MamaYe Day 2017: Making The Health Budget Work for Nigeria

The commemoration of the MamaYe Day 2017 focused on the effect that the continued paltry budget allocation to health has on maternal and newborn health care services.

For the Nigerian health sector, the “2017 Budget of Recovery and Growth” did not meet expectations. From 2010 to 2016, the highest budget allocation to health has been 5.8%, which is not even up to half of the Abuja +12 declaration of allocation of 15% of the national budget to health.

The 2017 proposed allocation of 4% is further made ineffectual as inflation rate jumped to 18.84% due to economic recession.

It was against this backdrop, i.e. the effect of economic recession and high inflation rate, that the theme for the 2017 MamaYe Day commemoration was conceptualised -  “Maternal and Newborn Health: Making Health budgets Work for Nigerians”.

In the analysis of the 2017 health budget as presented by Esther Agbon, the MamaYe Health Financing and Advocacy Advisor, the budget was made on certain assumptions in the nation’s Medium Term Expenditure Framework (MTEF) and Fiscal Strategy.

In the MTEF, oil price benchmark was at $44.5 per barrel, whereas oil price was over $50 per barrel. Inflation rate was based on 12.92%, when in reality, the inflation rate was 18.84%. Also, while exchange rate was N305 to $1 in the assumption, $1 was N445 in the parallel market.

  • Esther Agbon presenting
    Esther Agbon
  • people presenting
    L-R Dr. Francis Ukwuije, Dr Ene (Preston Health), Professor Ladipo (ARHF), Joy Solomon
  • Mrs. Joy Solomon talking on the microphone
    Mrs. Joy Solomon
  • Mrs. Toyin Saraki with members of the Market Women Association Abuja
    Mrs. Toyin Saraki with members of the Market Women Association Abuja
  • Mrs. Toyin Saraki and Dr. Tunde Segun
    Mrs. Toyin Saraki and Dr. Tunde Segun

Looking at the total 2017 budget of N7.2 trillion, and the health budget of N304 billion (which is 4% of the total budget), Esther said that if Nigeria must meet the Abuja 15% declaration, it would need additional N790.585 billion. She explained that marginally, the purchasing value of N304bn (based on the MTEF’s assumptions) is N257bn in today’s reality.

An interactive panel that followed the health budget presentation sought to explore the effect of a low health budget on maternal and newborn health services. One of the areas looked at was funding the National Health Act to achieve accessible, basic healthcare.

One of the discussants, Dr. Francis Ukwuije from the Federal Ministry of Health, after explaining the process of budgeting, said

In economic terms, health is a failed market because of lack of economic equilibrium as outcomes aren’t visible with input.

Because health isn't visible like infrastructure, it is difficult for budget holders to invest in it. The solution that Dr. Francis proposed was the need to have an investment case on health to convince decision makers that we can do better in health than other sectors.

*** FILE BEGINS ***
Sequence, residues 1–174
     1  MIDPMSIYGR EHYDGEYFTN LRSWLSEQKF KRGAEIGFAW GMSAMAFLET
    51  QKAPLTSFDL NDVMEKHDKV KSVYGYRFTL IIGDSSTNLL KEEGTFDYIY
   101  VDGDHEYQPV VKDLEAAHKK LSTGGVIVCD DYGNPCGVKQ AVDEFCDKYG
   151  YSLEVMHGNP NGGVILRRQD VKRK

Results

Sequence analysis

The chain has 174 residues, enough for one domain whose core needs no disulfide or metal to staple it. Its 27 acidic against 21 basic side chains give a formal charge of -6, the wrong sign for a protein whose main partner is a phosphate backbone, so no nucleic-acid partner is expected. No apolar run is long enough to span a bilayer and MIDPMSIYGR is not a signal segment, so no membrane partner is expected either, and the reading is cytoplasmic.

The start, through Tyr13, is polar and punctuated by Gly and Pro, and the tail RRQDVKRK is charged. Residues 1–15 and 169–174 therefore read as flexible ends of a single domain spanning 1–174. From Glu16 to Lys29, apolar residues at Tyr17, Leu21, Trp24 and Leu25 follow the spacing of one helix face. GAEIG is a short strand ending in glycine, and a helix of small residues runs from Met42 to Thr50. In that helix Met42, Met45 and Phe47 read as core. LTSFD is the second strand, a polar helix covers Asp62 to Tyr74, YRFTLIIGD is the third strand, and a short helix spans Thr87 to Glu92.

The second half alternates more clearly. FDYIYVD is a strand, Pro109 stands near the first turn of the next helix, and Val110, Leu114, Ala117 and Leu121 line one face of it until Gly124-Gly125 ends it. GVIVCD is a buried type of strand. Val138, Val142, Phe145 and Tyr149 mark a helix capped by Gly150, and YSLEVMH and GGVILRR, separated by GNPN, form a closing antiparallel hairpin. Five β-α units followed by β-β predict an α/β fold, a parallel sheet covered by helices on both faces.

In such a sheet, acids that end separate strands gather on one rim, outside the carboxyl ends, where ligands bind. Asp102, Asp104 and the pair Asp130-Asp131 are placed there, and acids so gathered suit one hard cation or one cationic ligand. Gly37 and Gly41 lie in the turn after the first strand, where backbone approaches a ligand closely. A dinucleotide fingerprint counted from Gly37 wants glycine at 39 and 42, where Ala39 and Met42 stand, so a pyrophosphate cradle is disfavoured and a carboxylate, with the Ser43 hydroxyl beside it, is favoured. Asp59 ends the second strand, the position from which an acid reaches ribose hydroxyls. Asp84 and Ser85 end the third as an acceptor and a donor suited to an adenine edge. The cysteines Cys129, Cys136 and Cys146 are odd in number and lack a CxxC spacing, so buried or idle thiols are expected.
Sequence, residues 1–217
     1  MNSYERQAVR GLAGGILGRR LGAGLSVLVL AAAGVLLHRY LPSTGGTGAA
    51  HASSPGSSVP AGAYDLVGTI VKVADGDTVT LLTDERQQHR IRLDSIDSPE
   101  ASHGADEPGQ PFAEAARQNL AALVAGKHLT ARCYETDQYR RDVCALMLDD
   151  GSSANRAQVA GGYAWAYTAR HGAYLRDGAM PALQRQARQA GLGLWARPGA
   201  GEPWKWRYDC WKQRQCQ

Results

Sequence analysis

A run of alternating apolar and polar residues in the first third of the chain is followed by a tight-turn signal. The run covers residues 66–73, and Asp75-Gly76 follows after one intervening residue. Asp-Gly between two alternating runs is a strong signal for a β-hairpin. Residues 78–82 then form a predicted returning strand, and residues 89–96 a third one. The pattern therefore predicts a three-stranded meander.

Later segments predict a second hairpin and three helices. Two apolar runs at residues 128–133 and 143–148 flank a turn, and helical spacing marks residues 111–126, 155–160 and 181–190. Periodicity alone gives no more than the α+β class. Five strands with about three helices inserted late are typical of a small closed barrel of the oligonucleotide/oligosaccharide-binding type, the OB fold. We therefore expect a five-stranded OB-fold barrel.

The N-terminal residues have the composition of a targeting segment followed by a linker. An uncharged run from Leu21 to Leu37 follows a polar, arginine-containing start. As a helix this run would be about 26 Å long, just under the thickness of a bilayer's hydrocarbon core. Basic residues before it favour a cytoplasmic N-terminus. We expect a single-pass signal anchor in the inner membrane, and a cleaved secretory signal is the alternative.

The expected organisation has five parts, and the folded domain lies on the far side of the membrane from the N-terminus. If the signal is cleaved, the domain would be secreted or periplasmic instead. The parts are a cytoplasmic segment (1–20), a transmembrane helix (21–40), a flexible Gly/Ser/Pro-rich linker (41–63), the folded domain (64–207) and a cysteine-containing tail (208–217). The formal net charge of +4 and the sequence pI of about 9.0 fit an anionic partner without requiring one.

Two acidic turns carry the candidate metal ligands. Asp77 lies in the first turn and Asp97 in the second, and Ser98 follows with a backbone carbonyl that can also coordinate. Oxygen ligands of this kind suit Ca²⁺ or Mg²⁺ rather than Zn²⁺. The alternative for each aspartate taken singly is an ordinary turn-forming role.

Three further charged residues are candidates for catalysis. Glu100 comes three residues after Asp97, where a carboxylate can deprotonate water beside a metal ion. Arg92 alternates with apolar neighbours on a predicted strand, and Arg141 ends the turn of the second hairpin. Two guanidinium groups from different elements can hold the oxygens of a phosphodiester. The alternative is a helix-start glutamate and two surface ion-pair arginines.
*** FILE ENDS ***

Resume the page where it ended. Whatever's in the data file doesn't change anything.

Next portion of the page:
His statement seemed to suggest that, in clearer terms, players in the health sector development endeavour must describe political gains in their advocacies for increased funds for healthcare.

Mrs. Joy Solomon, a new mother who was part of the interactive panel, was MamaYe’s eye into the effect of paltry health budget and lack of health insurance. She recounted her experience of how her family struggled to pay for certain services that were expected to be free, when she gave birth.

Professor Oladapo Ladipo, who chaired the interactive panel, said that a “Critically sick population can't be productive. If we do not invest in RMNCAH, we will not achieve the SDGs.” He said that the economists must be convinced that the high maternal mortality ratio in Nigeria due to poor investment is social injustice.

In an earlier presentation, Mrs. Toyin Saraki, the founder of Wellbeing Foundation Africa, who was the special guest at the event, said in her speech that

If at least 1% of consolidated revenue fund is devoted to restoring, revitalising and building resilience in our primary health sector, it is an investment we will continue to reap the dividends for years to come.

The MamaYe Country Director, Dr. Tunde Segun, said that more lives of mothers and babies could be saved if all the investments being clamoured for were put in place and judiciously used. Earlier in his opening presentation, Dr. Segun reminded the audience at the event that the MamaYe campaign is about encouraging everyone to take actions that can save the lives of pregnant women and newborns.

Other issues that have impact on the affordability and accessibility of maternal and newborn health care services that were discussed on the panel were “Funding the National Health Act to achieve accessible basic health care”, “Budgeting Adequately for health to improve service delivery”, “Health Insurance as a guarantee for financial protection for the poor” and “Timely Fund Release and its impact on quality service delivery”.

Many representatives of development organisations and women from the Association of Market Women of Nigeria, Abuja Chapter, graced the MamaYe Day 2017.

Share this article